“Challenge: since 2003 Blossa has launched an annual limited edition of glögg (mulled wine) with a new flavour and design. The launch is considered one of the prime happenings for Swedish glögg lovers. For many years, Blossa held an unthreatened position in new and innovative mulled wine flavours. Today, this is not the case. Competitors have started to catch up and launch their own versions of unexpected flavours as a means of competition. So what could we do to vitalize the brand further and manifest the position as a market leader?
Solution: when starting working with Blossa for the 2011 edition we created a design concept that could evolve and develop with each new annual release, moving the brand into a larger context beyond the packaging design and the perception of a traditional Christmas drink. The concept is based on new and interesting places where Blossa travels to find inspiration and exciting flavours. Coordinates on the bottle guide us to the exact destination that has inspired this year’s flavours.The taste of Blossa 11 is coffee, Arabica. A challenge every year is to find those right ingredients and flavours that goes perfectly with the traditional glögg spices. To find the ultimate coffee beans this year, Blossa went to El Salvador. The coordinates guide us to the plantation Finca las Delicias where the coffee is grown. The bottle is made in a brown matt, opaque finish with the year 11 distinctly printed and integrated in the coordinates.”
November 4, 2015 | 0 Comments
Designed by Sand Creative | Country: United Kingdom
“The Kent Cider Company is proud of its traditional methods of production, but its outlook is more contemporary than most Cider brands. The redesign reflects this, while giving it a more vibrant and upbeat personality.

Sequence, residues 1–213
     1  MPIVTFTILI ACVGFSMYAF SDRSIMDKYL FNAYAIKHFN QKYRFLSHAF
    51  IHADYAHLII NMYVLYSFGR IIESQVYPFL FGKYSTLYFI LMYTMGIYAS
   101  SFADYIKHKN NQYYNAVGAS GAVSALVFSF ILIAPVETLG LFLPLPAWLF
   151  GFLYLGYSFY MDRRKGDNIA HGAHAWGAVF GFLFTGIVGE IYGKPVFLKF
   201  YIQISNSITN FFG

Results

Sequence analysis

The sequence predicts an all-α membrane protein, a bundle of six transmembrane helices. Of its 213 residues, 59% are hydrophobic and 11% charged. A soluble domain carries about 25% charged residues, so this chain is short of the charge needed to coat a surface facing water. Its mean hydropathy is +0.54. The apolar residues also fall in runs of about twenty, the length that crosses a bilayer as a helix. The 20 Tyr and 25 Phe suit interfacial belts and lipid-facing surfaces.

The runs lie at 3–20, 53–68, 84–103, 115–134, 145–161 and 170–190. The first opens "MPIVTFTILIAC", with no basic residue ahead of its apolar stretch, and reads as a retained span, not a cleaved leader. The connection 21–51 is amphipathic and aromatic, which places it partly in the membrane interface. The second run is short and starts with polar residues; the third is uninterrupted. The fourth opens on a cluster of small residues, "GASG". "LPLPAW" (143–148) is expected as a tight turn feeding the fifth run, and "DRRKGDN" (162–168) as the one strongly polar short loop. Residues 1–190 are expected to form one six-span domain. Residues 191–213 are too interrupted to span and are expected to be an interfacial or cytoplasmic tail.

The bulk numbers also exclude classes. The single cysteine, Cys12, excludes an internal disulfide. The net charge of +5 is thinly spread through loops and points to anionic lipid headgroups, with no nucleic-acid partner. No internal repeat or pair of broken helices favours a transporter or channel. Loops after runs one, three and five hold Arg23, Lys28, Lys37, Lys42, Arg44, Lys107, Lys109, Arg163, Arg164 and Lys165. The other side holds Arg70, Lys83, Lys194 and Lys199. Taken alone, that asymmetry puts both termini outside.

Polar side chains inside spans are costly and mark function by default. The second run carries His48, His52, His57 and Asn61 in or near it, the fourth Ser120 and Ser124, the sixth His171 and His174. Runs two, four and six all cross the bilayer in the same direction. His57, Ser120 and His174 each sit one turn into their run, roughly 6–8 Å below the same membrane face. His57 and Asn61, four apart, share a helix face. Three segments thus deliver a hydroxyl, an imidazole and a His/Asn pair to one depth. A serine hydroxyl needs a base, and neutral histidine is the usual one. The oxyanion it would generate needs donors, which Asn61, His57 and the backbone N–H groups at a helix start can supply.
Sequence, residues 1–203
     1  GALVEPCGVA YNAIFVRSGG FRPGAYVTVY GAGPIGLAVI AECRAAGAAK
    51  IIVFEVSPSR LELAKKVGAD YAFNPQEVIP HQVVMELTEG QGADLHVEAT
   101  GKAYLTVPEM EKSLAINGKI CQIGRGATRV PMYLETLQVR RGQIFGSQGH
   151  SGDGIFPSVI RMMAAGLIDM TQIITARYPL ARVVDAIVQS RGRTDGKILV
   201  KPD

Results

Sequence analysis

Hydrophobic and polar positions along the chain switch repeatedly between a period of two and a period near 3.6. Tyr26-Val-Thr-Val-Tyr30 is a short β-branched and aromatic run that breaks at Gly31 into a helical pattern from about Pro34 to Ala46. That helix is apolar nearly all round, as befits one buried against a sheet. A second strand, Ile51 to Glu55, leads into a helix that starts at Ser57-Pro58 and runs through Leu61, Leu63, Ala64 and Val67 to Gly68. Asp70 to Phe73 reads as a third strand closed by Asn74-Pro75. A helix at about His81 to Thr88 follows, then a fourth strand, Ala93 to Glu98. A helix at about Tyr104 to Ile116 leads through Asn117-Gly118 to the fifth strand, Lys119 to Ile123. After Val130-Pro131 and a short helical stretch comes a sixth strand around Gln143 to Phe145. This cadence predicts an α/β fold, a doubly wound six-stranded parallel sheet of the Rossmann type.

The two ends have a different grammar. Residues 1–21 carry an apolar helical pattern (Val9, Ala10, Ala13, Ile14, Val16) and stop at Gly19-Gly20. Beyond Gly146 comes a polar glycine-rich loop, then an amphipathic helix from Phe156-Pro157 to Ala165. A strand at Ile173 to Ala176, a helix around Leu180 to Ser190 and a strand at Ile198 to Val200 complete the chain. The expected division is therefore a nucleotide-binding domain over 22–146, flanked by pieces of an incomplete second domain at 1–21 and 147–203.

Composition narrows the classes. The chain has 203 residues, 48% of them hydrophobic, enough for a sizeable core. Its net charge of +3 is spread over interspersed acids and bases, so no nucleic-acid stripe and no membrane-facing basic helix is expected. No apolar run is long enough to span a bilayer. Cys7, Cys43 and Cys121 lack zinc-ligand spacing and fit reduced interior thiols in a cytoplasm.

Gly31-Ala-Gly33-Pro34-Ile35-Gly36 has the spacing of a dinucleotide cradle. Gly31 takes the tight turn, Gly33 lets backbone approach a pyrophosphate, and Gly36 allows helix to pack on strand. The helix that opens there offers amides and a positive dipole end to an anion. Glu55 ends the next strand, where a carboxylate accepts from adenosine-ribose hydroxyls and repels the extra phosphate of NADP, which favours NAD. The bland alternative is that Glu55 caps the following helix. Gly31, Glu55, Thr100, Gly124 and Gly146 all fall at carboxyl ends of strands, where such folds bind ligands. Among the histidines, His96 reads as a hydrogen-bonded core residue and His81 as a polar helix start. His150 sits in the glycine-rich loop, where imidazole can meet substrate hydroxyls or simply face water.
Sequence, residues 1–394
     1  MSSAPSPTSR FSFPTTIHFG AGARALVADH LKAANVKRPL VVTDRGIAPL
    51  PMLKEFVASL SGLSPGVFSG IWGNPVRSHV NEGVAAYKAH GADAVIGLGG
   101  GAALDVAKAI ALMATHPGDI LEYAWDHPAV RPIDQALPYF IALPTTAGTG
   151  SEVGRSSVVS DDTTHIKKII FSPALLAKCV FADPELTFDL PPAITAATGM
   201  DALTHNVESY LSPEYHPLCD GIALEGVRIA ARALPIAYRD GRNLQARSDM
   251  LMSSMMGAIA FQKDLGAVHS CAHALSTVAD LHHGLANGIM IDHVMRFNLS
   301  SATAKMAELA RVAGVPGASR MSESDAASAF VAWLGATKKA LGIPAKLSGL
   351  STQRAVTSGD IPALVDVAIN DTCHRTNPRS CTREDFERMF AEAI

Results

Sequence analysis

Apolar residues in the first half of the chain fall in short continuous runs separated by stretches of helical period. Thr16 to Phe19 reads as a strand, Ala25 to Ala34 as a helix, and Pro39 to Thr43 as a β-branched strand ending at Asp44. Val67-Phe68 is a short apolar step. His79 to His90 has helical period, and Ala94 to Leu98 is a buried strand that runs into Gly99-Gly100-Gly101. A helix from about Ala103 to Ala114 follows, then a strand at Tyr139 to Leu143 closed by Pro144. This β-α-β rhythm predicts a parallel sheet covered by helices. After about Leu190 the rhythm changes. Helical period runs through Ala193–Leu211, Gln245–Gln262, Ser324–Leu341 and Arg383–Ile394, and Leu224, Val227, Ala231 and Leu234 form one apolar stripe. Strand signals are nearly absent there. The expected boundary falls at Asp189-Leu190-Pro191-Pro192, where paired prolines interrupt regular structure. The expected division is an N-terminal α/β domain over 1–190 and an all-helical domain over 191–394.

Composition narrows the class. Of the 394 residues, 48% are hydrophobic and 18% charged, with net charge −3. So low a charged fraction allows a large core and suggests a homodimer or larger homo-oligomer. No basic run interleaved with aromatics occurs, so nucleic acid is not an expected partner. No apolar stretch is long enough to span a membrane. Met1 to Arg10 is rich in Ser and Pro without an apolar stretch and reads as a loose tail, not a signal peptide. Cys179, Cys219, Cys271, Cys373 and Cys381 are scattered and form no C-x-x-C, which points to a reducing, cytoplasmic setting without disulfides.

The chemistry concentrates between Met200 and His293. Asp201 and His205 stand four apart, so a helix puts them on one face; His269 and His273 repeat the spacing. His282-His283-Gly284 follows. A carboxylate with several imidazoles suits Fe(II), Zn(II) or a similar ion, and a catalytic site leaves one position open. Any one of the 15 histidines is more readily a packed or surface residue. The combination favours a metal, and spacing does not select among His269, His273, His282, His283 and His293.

Navigation was difficult with the previous design so each variant was made more distinctive, starting with its own stylised tree, each bearing one huge fruit to communicate the single variety used in production. All the information below is held within its roots.
A hexagonal shape, inspired by the corners of apple crates, was also introduced to create a more distinctive badge, to which bold vibrant colours were added.
The detail continues to the bottom of each label. The Russet variant for example is also known as ‘old leather coat’ due to its rough skin. This is reflected in the illustration and the supporting graphic elements, such as the Alcohol volume holding shape which is also the sign for leather.”
November 3, 2015 | 0 Comments
Designed by HUMAN1ST | Country: Slovenia
“The Fonda fish farm builds its identity on the basis of a combination of high-quality products and family tradition. Boris Balant participated in the establishing of the Fonda brand and then worked in close cooperation with the family to develop the family company’s overall visual identity in parallel with its development. Humanist then designed the further development and reinvigoration of the brand with a focus on transparency, dynamics and youthfulness, with a simultaneous emphasis on the family’ indigenous origins, based on authentic images of the family. The family saga of a top-quality world-class fishery also received fresh impetus through the redesign of the logo, expansion of the contents and a new website.”
November 3, 2015 | 1 Comment
Designed by The MARK Studio | Country: South Africa
“This is a whiskey pulled together from a patchwork history of influences, in-jokes, and muddy adventures. It’s straight bourbon, made the traditional American way, but distilled in Australia. The name itself comes from the owner, who had previously gotten his hands dirty on the family pig farm. For all that, the labels are designed to evoke a premium product, made with care.”
November 2, 2015 | 2 Comments
Designed by Ninja Print | Country: Sweden
“Rackare is a Swedish adaptation of the (in)famous party game “Cards Against Humanity”. After a few alterations to the gameplay and loads of new cards written and tested the guys over at Ninja Print asked me to give it a look of its own. The very appropriate black-and-white-cards-theme got to stay, since it’s simplicity goes well with that of the game. However, I felt the game needed a cheerful vibe so the black-and-white got paired with the big smiling logo in a clean minimalist design based on three colours. A third of the cards are white, two thirds are black and hence the top lid of the box has the same proportions of black and white. Its width is also one third of its length. Both these features create a number of fun ways to display the game in stores.”